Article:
My Russian is rudimentary.
I was a PhD student. There was another PhD student, from Moscow. She was a single mum. She did not want any unwelcome attention, so she went with the cover story that she was married, and the fella was back in Moscow.
I did IT oddjobs in the department. In fact, it got to the stage where I’d avoid going in to the department, because the minute I’d walk in the door, every PhD student in the building would jump on me with their IT problems.
But I liked Ekaterina. So, in between banter in bad Russian and talk of literature and morphology, I found myself repairing her laptop.
At one stage, I needed a mouse for her laptop. So I stormed out from the sideroom I was at, and exclaimed:
—Катя! Где твой муж?
Excellent bit of triangulation there, I thought. Mūs, μύς, mouse: I’d heard the word muž somewhere in Russian, that must be the Russian word for mouse.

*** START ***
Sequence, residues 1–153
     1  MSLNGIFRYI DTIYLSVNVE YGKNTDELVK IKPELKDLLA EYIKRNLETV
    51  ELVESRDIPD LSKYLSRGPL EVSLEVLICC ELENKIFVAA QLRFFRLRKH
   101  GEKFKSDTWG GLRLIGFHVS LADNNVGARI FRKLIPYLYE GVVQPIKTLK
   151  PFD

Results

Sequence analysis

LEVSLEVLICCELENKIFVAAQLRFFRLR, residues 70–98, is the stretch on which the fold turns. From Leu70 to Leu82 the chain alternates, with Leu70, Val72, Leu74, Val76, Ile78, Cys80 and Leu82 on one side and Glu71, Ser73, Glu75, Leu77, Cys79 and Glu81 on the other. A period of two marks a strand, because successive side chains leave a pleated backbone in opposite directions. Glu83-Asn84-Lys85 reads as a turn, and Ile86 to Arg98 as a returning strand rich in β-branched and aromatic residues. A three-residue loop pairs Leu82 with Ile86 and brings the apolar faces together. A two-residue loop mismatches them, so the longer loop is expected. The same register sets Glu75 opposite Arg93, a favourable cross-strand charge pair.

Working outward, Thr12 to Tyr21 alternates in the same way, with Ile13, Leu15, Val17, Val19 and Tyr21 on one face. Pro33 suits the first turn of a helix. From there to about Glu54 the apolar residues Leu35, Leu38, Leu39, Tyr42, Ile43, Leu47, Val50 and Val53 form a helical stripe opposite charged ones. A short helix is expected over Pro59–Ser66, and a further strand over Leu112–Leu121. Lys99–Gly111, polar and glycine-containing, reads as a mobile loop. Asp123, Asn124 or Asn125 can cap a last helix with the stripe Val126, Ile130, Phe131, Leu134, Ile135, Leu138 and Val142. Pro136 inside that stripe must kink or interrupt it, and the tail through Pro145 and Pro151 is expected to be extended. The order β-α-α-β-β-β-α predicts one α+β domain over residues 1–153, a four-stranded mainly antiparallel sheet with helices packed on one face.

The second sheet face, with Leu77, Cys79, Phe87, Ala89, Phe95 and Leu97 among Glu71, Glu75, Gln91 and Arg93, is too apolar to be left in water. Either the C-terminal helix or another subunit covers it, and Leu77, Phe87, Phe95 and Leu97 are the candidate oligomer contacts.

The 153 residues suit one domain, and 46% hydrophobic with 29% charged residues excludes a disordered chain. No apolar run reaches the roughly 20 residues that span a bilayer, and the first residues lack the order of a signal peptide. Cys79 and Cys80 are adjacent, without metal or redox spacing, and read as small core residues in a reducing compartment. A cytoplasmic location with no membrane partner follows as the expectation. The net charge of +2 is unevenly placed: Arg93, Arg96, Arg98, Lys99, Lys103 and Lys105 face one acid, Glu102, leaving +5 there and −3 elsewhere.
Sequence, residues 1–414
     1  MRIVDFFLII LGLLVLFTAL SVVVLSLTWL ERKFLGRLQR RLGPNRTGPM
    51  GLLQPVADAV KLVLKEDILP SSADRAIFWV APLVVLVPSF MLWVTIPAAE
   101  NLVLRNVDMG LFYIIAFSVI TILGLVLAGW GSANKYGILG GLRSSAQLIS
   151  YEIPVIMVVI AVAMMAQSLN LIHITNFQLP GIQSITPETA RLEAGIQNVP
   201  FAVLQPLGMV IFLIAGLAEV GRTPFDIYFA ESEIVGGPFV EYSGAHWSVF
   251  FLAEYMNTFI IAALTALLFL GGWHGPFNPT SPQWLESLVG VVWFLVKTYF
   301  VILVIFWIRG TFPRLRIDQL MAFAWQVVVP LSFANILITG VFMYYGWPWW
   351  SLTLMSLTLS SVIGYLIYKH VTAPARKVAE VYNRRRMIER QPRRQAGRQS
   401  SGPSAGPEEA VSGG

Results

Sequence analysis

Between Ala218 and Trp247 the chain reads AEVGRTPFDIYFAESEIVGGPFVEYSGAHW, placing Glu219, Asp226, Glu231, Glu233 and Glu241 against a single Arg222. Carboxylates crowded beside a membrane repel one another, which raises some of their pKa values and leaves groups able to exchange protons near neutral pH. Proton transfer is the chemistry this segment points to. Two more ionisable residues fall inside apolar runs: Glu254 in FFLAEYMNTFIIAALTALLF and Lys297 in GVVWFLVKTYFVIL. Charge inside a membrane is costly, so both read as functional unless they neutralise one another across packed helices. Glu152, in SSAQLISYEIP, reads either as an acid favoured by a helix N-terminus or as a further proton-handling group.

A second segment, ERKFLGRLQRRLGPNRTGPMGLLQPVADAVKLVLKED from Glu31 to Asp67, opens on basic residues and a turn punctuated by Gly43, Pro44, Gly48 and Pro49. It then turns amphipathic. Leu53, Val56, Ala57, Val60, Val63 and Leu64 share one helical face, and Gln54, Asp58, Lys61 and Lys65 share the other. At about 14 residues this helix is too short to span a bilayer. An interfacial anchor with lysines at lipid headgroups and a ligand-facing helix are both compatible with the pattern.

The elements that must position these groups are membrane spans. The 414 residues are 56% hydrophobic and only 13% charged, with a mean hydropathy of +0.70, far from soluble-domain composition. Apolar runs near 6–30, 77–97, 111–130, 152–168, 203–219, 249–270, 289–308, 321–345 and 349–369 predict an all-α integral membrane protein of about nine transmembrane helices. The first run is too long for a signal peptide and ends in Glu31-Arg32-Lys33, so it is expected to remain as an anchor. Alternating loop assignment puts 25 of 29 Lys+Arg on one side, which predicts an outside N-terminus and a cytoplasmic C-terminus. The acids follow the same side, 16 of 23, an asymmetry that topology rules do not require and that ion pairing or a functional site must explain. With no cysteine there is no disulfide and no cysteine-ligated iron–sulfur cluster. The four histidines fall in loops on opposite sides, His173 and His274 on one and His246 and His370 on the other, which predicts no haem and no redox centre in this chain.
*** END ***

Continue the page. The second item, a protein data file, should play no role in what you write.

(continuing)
Ekaterina looked startled, and stared at me:
—Где твой муж?
Ekaterina stared at me some more.
—I think… that is something of a personal question.
I looked at her bewildered.
—… I’m just asking where your mouse is. What do you mean, personal?
Katia did a double take, and started guffawing.
And guffawed some more.
No, muž is not Russian for “mouse”.
It is, however, Russian for “husband”.
A few months later, Katia said that she doesn’t want to play games with her friends, and no, there was no husband.
No, nothing happened. But at least her laptop got fixed!